Although extreme weather and environmental conditions forced Hanson to skip a few sections of the trail to reach Mount Katahdin before it closed, he ended up hiking a total of 1,700 miles.

So let me get this straight. I have a knack for getting lost in a paper bag, and Mike Hanson walked from Georgia to Maine in seven months without the benefit of sight? I can’t even figure out how to organize my iTunes library, and this guy programmed his phone to tell him exactly where he was along a 2,000+ mile stretch?

I know the exit is around here somewhere.

I know the exit is around here somewhere.

It’s really exciting to see how technology continues to open doors for the visually impaired. But, technology or no technology, if you’re looking for inspiration, look no further. His name is Mike Hanson, and I’ll be lucky to show even a fraction of his courage and grit during my A.T. trek.

Meandering on,



22 thoughts on “Blind Ambition

  1. Pingback: Blind Ambition | Jeffthompson61's Blog

  2. I wonder if we get stuff like that here in South Africa. My poor mother has pretty much lost her sight and finding life extremely frustrating. Still manages to get clothes to match though 😀 , no mismatched socks there 🙂

    • Directly from my friend Anna: the short answer is that it will work for people in other countries, but it might not sync up perfectly (by a second or two overall) because of the DVD’s format. An adept blind user could, however, tweak a little when he/she notices the movie and description have gotten out of sync, and it shouldn’t be a HUGE deal.

      “If someone in South Africa would like to try a Solo-Dx track for free to see if it works, we can certainly hook that person up (tell them to email” Anna and the others at Hollywood Access Service would be glad to help you work through it if your mom wants to try.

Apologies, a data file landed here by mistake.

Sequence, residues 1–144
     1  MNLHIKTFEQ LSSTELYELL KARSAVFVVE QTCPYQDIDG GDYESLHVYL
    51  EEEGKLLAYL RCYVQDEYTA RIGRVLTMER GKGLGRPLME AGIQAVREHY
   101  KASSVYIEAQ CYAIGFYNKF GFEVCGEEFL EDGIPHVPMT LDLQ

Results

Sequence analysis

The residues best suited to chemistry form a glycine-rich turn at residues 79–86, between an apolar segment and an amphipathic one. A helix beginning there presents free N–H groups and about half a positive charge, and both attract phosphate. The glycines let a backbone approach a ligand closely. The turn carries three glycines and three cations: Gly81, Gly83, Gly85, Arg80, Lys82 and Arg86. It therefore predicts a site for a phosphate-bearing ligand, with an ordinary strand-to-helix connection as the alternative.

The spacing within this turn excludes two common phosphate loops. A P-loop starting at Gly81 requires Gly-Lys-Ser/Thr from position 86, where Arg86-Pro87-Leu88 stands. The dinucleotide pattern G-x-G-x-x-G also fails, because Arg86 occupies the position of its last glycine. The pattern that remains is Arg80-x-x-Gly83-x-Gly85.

Hope that helps!

  3. Hi Jordana. Thanks for the ‘like’ on my post about the ‘abilities’ of blind and otherwise ‘disabled’ people. I love the honesty about your pre-conceptions. The info about the ‘Audio Description and Captioning’ is very interesting and I’ll be following it up. I don’t know whether we have anything like that in the UK.

  4. If you get a chance to watch that Master Chef season (the most recent one), I recommend it. Christine’s cooking was amazing. Sometimes it was really hard to watch her work with a knife. You’re just waiting for something really disastrous to happen but she just knocked it out of the park every time.

    Great story, thanks for sharing. And I thought I was the only grown up who wore mismatched socks on purpose. Of course my 10 year old niece thinks it makes me the coolest aunt ever. Most other people look at me like I’m a 45 year old who got permanently stuck in the fourth grade. It’s fun and it makes me smile so :p to them!

  5. Before even starting your hike, you’ve already found one of the things which makes the trail so special – inspirational people. It really is amazing what some people are able to overcome in hiking the trail. This summer I met a hiker named Pacemakerman, a 67 year old who had undergone five heart bypasses, had a stent, and of course a pacemaker. Despite all this, he has successfully section hiked the whole trail!

  6. Sometimes I marvel over how some “disabled” people are more skilled than the rest of us. I watched an episode of some cooking competition recently, and one of the finalists was a blind girl. It was so neat to watch her cook. Her food looked intricate and gorgeous, and according to the judges it tasted amazing, too. I love being blown away by what human beings are capable of!